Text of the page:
The word transverse is also used in phrases describing two of the normal head down positions. Left occiput transverse (the ideal starting position) and right occiput transverse. These head down babies facing the mother's hip. The side of the mother’s body that the back of the baby’s head is on is indicated by the first word, left or right. The baby faces the opposite hip. To see several different fetal positions go to Belly Mapping.


 Here are some images to help you understand the lie of a baby in relation to the pelvis.

      left occiput transverse (lateral)Transverse lie

 Left: The baby on the left is in the ideal start position - left occiput transverse. The head is transverse but the head is down. This baby is in a vertical lie, meaning the baby lies up and down. One end or the other points towards the pelvis.
Right: The baby on the right is lying sideways in the womb - transverse lie.

In a Transverse Lie the baby's head is on one of the mother’s sides and the baby's bottom is on the other side. For instance, one mom with a transverse baby will have the head on her left side and the baby's bottom on her right. The hands and feet may be kicking and waving towards her cervix (in the lower part of the uterus) when the baby's belly is down. Another transverse baby may have the head on her mother's right and kick upwards or towards the front.




What’s the problem with a transverse lie?

The baby who is lying sideways cannot be born vaginally. The baby has to get vertical to fit through the pelvis. A breech or vertex (head down) baby can usually fit. The baby in a transverse lie can not fit. Labor contractions cannot bring this baby through the pelvis. Perhaps the arm or umbilical cord would come through the pelvis. Or the shoulder might block the opening. We can try to help this baby move to a head down, or cephalic, position so that a cesarean can be avoided.

When is transverse lie a problem?

It is normal for a baby to be transverse in the first and second trimester. We hope that the baby is in a vertical position between 26 and 31 weeks gestation. The breech position is considered normal when found between 26 and 31 weeks gestation. Most babies are head down by 28-30 weeks gestation; a few babies wait to settle head down until 31-34 weeks. And only a few babies who aren't head down after 36 weeks can get there on their own. After 30 weeks, it may be good to do some exercises to help your baby get head down.

Late in pregnancy it is more difficult to help the side ways baby to become head down.
When the baby has been transverse in the last trimester, the womb becomes shaped for a transverse baby. Conversely, the baby will stay transverse when the pelvic inlet (brim) is not symmetrical or the lower uterine segment (the lower part of the womb where the head would normally settle) is not symmetrical. Crossing our legs, holding toddlers on our favorite hip, a fall, etc. can put a twist in the lower uterine segment.

Gravity helps, but there is less room to navigate the womb. First time mothers and women with tight, sturdy musculature, spasming ligaments or  tight fascia can do exercises or have body work or both to loosen these soft tissues and allow more fetal movement. Women who have birthed before, and who have loose soft tissues (this includes a few first time mothers, but mostly experienced mothers) may actually need to prop their wombs and abdomens up to let the baby get head down!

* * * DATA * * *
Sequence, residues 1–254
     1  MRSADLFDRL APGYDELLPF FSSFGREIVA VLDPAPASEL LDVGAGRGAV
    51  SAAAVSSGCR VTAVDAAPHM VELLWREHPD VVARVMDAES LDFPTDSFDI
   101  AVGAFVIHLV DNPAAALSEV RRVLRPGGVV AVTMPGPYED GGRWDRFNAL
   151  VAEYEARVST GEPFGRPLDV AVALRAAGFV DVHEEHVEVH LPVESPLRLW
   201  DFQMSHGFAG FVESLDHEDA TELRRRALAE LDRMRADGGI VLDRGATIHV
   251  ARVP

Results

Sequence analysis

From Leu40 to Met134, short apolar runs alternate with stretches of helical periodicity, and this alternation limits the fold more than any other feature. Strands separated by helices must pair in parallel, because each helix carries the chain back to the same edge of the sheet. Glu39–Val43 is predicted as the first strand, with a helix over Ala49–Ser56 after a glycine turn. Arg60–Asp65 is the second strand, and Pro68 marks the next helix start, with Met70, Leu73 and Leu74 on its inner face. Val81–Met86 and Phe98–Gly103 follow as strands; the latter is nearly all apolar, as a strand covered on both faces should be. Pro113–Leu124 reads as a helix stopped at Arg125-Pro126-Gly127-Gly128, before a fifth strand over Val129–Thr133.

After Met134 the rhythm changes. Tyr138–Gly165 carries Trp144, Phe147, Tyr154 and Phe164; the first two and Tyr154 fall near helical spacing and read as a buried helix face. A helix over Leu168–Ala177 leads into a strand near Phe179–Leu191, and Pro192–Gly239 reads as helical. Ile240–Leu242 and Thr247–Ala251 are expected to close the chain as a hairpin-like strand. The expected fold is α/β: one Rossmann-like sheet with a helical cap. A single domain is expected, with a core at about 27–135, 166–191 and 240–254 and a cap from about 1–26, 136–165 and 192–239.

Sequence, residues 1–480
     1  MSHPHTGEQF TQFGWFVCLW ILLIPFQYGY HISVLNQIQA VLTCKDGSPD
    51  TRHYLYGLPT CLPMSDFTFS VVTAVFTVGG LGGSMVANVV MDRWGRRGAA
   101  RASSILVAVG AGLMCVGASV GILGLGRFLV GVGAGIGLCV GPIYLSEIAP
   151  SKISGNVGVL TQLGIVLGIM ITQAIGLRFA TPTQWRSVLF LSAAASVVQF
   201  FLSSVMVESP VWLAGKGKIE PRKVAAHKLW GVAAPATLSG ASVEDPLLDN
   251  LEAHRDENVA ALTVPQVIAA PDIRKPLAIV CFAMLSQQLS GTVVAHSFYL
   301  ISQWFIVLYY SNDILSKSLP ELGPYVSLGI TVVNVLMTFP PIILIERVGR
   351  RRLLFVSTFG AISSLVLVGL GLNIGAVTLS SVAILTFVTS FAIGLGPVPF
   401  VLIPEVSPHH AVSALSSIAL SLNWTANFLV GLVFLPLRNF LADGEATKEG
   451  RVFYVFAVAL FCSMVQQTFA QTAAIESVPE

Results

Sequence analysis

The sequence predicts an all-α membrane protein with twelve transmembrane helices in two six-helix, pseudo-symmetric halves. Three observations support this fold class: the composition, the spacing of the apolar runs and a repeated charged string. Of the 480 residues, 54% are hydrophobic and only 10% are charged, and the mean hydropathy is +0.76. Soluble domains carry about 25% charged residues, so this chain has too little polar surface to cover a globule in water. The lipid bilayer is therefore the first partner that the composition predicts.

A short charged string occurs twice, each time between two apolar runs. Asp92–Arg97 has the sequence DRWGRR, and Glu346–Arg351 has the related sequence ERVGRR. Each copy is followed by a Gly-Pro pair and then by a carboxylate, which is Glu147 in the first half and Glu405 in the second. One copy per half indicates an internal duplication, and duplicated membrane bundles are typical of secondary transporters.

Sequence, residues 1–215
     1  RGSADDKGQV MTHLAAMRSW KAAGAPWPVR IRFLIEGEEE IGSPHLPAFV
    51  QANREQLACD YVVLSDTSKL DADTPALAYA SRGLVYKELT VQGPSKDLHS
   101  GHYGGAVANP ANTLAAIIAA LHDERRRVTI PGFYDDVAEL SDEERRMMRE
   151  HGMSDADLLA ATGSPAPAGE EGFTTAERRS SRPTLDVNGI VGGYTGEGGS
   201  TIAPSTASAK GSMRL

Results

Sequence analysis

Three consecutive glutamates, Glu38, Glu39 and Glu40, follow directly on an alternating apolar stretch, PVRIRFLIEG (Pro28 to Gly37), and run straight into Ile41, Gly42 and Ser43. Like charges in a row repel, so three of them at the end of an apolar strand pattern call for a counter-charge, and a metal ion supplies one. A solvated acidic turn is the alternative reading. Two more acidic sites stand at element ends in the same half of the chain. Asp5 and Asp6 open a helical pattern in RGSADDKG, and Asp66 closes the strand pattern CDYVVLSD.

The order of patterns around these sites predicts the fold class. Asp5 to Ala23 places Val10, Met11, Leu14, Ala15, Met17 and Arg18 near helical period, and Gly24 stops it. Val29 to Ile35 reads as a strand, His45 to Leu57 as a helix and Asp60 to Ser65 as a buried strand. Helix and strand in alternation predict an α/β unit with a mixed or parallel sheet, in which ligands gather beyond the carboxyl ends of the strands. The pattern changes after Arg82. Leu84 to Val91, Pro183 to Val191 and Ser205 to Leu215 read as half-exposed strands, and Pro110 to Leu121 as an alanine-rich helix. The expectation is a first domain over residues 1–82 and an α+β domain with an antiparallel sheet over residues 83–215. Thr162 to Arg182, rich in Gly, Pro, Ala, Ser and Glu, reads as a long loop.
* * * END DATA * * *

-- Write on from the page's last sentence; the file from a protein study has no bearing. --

After 32-34 weeks, I am quite concerned to find a transverse baby – except when the baby was breech recently and is now in a leisurely process of flipping to head down. The breech to head down process shouldn't take more than 3 days (when it doesn't happen instantly).


 Breech lie or transverse lie?

The transverse lie position is sometimes loosely called breech. This seems more common among ultrasound technicians. Midwives and doctors do not use these terms interchangeably. They are not the same.

The breech baby lies vertically, the transverse lie baby lies horizontally.


The breech baby has an easier time getting head down than the baby who has been transverse into the third trimester. An interesting point is that a breech baby may move to the transverse lie for a couple days before finishing the flip to head down. If your transverse baby was just recently breech wait a couple days before worrying, and keep up the techniques you are using to help baby into a head down position.

A confusing variation: One woman had weak uterine ligaments. She was a strong woman, athletic. Perhaps the jolting stops of sports effected her uterine ligaments in this way. Her first baby was head down, but with her little bottom resting on her mother's right hip. The baby was folded over at her waist in this way for the entire third trimester. I wondered how it would effect birth. I suggested a pregnancy belt but the mother wasn't concerned. Her labor advanced beautifully and the baby came down through the pelvis perfectly. I was happy to see how well birth works in a fetal position variation that I had never noted before in a first time mother. The baby had seemed somewhat in a transverse lie, but since the head was in the pelvis, wasn't. The mother used active labor positions and free movement, instinctively moving with her labor and the baby came down well. 

Techniques to correct a transverse lie when the belly seems tight

Things you can do yourself:

•    Use the Inversion off the couch, as shown in the video, for 30 seconds, 2-3 x a day,
•    Do the Breech Tilt for 5-10 minutes, 2-3 times a day. (Dr. Carol Phillips says the ironing board technique is not as effective as the forward leaning inversion.)